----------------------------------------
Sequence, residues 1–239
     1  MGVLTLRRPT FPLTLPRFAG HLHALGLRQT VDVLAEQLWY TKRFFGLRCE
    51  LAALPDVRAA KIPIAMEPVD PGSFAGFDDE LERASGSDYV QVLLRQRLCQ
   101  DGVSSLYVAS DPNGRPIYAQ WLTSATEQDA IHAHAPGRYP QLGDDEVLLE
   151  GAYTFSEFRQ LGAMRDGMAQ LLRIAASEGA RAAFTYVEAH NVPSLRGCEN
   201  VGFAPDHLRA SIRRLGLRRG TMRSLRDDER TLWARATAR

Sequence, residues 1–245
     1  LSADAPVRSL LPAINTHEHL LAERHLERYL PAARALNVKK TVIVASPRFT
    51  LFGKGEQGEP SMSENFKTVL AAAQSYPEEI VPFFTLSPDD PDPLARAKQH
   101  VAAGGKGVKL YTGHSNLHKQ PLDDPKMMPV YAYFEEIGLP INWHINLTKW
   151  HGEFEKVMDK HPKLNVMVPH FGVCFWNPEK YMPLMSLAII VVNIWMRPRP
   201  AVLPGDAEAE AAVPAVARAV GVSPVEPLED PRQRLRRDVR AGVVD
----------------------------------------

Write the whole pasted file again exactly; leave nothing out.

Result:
Sequence, residues 1–239
     1  MGVLTLRRPT FPLTLPRFAG HLHALGLRQT VDVLAEQLWY TKRFFGLRCE
    51  LAALPDVRAA KIPIAMEPVD PGSFAGFDDE LERASGSDYV QVLLRQRLCQ
   101  DGVSSLYVAS DPNGRPIYAQ WLTSATEQDA IHAHAPGRYP QLGDDEVLLE
   151  GAYTFSEFRQ LGAMRDGMAQ LLRIAASEGA RAAFTYVEAH NVPSLRGCEN
   201  VGFAPDHLRA SIRRLGLRRG TMRSLRDDER TLWARATAR

Sequence, residues 1–245
     1  LSADAPVRSL LPAINTHEHL LAERHLERYL PAARALNVKK TVIVASPRFT
    51  LFGKGEQGEP SMSENFKTVL AAAQSYPEEI VPFFTLSPDD PDPLARAKQH
   101  VAAGGKGVKL YTGHSNLHKQ PLDDPKMMPV YAYFEEIGLP INWHINLTKW
   151  HGEFEKVMDK HPKLNVMVPH FGVCFWNPEK YMPLMSLAII VVNIWMRPRP
   201  AVLPGDAEAE AAVPAVARAV GVSPVEPLED PRQRLRRDVR AGVVD